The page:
Judea

Judea

Discussion
Ask a question about 'Judea'
Start a new discussion about 'Judea'
Answer questions from other users
Full Discussion Forum
 
Encyclopedia

Judea or Judæa was the name of the mountainous southern part of the historic Land of Israel
Land of Israel
The Land of Israel is the Biblical name for the territory roughly corresponding to the area encompassed by the Southern Levant, also known as Canaan and Palestine, Promised Land and Holy Land. The belief that the area is a God-given homeland of the Jewish people is based on the narrative of the...

 ( Eretz Yisrael) from the 8th century BCE (Assyrian rule) to the 2nd century CE, when Roman Judea was renamed Syria Palaestina
Syria Palaestina
Syria Palæstina was a Roman province between 135CE and 390CE. It had been established by the merge of Roman Syria and Roman Judaea, following the defeat of the Bar Kokhba Revolt in 135 CE. In 193 Syria-Coele was split to form a separate provincial locality...

following the Jewish Bar Kokhba revolt.

Etymology


The name Judea is a Greek and Roman adaptation of the name "Judah
Tribe of Judah
According to the Hebrew Bible, the Tribe of Judah was one of the Tribes of Israel.Following the completion of the conquest of Canaan by the Israelite tribes after about 1200 BCE, Joshua allocated the land among the twelve tribes....

", which originally encompassed the territory of the Israelite
Israelite
According to the Bible the Israelites were a Hebrew-speaking people of the Ancient Near East who inhabited the Land of Canaan during the monarchic period .The word "Israelite" derives from the Biblical Hebrew ישראל...

 tribe of that name and later of the ancient Kingdom of Judah
Kingdom of Judah
The Kingdom of Judah was a Jewish state established in the Southern Levant during the Iron Age. It is often referred to as the "Southern Kingdom" to distinguish it from the northern Kingdom of Israel....

. It was the name in use in English throughout history until the Jordanian occupation of the area. Judea was sometimes used as the name for the entire region, including parts beyond Jordan.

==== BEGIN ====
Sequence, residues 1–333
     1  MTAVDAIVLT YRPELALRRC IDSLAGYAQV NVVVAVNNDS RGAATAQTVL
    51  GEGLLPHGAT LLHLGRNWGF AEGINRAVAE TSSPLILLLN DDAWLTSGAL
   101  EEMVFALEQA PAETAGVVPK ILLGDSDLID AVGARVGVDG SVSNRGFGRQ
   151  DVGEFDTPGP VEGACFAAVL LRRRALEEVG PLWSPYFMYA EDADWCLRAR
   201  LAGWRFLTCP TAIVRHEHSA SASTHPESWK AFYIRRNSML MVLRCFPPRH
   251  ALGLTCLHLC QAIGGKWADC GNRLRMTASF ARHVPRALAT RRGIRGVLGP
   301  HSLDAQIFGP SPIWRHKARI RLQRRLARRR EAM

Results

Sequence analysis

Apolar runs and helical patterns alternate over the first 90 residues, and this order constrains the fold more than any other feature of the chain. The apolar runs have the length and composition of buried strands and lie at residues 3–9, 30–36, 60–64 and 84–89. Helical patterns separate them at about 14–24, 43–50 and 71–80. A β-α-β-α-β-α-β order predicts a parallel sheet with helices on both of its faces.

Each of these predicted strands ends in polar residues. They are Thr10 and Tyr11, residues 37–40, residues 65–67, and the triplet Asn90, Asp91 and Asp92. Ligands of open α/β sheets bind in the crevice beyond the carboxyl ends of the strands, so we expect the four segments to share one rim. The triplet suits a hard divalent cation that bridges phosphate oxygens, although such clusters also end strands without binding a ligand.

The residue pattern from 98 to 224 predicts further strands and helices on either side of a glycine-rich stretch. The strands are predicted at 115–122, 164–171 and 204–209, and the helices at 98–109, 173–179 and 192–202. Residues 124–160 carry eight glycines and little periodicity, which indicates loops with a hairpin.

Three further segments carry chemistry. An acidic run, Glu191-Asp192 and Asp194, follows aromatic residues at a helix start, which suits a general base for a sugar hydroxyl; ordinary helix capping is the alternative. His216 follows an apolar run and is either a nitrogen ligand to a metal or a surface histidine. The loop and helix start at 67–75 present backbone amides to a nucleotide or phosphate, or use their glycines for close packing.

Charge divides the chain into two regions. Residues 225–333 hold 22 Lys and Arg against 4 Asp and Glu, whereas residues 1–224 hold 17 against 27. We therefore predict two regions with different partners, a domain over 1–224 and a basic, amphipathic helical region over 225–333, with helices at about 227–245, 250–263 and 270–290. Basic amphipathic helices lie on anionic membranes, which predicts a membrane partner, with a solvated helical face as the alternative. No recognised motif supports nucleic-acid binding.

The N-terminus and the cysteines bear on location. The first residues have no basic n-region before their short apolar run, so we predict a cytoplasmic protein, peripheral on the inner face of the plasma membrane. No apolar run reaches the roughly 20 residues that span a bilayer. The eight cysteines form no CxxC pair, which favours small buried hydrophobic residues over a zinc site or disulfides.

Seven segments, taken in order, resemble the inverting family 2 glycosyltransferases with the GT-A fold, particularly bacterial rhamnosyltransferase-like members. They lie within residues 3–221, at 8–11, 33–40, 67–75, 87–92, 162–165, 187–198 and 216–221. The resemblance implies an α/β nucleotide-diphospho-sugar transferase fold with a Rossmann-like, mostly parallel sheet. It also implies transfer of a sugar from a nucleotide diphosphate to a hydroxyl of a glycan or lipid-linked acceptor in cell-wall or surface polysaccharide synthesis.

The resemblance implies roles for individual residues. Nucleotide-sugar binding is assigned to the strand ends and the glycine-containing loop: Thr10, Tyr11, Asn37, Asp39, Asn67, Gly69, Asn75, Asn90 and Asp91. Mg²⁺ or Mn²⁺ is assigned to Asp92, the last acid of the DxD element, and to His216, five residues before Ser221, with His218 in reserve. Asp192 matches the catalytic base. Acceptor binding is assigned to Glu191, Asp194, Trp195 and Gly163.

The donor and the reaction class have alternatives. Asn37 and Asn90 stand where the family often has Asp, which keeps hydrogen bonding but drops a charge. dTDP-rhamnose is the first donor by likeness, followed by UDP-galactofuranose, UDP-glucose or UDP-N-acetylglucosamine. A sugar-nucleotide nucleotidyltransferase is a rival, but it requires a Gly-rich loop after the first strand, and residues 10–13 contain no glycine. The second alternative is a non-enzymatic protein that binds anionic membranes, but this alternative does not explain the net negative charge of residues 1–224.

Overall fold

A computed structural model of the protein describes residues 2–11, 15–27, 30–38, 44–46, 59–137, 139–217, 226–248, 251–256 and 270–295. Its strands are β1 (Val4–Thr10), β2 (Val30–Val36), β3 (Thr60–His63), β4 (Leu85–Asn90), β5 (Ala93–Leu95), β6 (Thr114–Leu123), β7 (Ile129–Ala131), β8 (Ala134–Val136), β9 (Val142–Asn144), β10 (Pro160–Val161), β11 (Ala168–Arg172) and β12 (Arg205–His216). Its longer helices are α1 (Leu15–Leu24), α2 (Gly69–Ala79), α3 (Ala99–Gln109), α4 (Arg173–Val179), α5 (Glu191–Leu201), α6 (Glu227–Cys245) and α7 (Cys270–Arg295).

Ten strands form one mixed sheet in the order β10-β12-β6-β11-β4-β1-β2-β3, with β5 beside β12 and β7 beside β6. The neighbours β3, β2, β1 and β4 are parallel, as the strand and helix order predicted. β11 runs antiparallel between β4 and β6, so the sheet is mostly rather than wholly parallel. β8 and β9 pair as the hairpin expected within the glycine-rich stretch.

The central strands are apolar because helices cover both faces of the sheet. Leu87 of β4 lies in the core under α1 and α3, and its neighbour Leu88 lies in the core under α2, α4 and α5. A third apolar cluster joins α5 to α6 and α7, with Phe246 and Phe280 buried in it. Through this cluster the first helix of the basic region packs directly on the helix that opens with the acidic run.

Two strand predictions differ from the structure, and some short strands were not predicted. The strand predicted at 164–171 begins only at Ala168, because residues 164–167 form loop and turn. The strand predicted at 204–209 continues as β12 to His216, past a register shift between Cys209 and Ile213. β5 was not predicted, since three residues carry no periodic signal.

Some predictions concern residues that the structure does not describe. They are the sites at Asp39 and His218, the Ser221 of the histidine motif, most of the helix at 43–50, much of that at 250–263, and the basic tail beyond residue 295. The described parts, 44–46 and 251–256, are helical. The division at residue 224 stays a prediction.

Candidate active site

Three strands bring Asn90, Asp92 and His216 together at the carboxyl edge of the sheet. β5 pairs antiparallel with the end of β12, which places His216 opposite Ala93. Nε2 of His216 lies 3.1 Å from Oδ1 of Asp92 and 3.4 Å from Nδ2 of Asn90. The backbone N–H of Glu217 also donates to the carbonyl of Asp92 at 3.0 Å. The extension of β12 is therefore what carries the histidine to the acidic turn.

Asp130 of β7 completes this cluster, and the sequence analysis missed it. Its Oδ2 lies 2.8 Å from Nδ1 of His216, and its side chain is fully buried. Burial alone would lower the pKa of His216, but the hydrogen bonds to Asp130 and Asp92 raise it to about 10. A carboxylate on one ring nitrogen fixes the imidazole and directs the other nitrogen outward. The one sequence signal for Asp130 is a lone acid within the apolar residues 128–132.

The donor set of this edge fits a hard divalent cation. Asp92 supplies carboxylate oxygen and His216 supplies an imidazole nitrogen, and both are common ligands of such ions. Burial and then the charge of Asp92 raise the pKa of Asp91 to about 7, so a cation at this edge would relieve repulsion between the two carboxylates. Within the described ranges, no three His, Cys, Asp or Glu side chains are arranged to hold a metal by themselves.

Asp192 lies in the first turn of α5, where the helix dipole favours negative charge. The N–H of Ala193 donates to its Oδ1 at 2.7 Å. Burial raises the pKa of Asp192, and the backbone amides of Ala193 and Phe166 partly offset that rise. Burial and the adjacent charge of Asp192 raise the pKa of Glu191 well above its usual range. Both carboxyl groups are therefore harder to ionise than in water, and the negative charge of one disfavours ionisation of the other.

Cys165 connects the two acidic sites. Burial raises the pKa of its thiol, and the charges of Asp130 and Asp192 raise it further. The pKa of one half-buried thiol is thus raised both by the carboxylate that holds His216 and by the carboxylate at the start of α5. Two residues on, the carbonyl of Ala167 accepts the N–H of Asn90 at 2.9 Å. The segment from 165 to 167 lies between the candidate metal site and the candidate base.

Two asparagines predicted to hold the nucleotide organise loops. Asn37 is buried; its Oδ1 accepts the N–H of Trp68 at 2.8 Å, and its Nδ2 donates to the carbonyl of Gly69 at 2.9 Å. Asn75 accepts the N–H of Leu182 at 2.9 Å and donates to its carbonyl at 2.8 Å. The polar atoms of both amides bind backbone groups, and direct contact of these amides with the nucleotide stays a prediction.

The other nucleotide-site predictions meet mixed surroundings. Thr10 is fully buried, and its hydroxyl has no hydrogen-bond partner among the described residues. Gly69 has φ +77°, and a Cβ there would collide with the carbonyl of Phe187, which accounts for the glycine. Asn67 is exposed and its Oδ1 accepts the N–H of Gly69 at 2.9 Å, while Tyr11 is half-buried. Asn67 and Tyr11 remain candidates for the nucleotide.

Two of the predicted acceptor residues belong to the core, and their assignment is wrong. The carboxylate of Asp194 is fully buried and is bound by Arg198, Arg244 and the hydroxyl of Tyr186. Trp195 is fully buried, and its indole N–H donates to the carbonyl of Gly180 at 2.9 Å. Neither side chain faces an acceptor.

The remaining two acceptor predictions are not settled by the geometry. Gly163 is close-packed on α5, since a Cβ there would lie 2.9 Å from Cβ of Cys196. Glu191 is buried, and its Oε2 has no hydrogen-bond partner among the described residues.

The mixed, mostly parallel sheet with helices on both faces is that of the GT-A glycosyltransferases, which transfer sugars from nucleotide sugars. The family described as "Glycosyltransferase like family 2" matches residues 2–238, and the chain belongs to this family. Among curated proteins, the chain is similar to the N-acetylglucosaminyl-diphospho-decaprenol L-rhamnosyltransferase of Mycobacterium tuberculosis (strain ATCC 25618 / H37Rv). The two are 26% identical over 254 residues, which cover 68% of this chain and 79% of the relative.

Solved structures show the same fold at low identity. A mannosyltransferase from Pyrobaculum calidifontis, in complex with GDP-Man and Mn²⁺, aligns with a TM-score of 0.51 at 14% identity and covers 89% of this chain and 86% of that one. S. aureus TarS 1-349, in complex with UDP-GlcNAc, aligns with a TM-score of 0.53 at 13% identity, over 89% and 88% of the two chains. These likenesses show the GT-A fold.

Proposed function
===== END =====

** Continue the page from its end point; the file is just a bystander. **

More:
Jordan
Jordan
Jordan , officially the Hashemite Kingdom of Jordan , Al-Mamlaka al-Urduniyya al-Hashemiyya) is a kingdom on the East Bank of the River Jordan. The country borders Saudi Arabia to the east and south-east, Iraq to the north-east, Syria to the north and the West Bank and Israel to the west, sharing...

 renamed Judea and Samaria
Judea and Samaria
Judea and Samaria Area is the official Israeli term roughly corresponding to the territory usually known outside Israel as the West Bank and to the Israeli settlements there that are not governed as part of Jerusalem.-Terminology:...

 ad-difa’a al-gharbiya (translated into English as the "West Bank") after its conquest and occupation of the area in 1948. "Yehuda" is the Hebrew term for this district in modern Israel
Israel
The State of Israel is a parliamentary republic located in the Middle East, along the eastern shore of the Mediterranean Sea...

.

Historical boundaries



The classical Roman-Jewish historian Josephus
Josephus
Titus Flavius Josephus , also called Joseph ben Matityahu , was a 1st-century Romano-Jewish historian and hagiographer of priestly and royal ancestry who recorded Jewish history, with special emphasis on the 1st century AD and the First Jewish–Roman War, which resulted in the Destruction of...

 wrote: "In the limits of Samaria and Judea lies the village Anuath, which is also named Borceos. This is the northern boundary of Judea. The southern parts of Judea, if they be measured lengthways, are bounded by a village adjoining to the confines of Arabia; the Jews
Jews
The Jews , also known as the Jewish people, are a nation and ethnoreligious group originating in the Israelites or Hebrews of the Ancient Near East. The Jewish ethnicity, nationality, and religion are strongly interrelated, as Judaism is the traditional faith of the Jewish nation...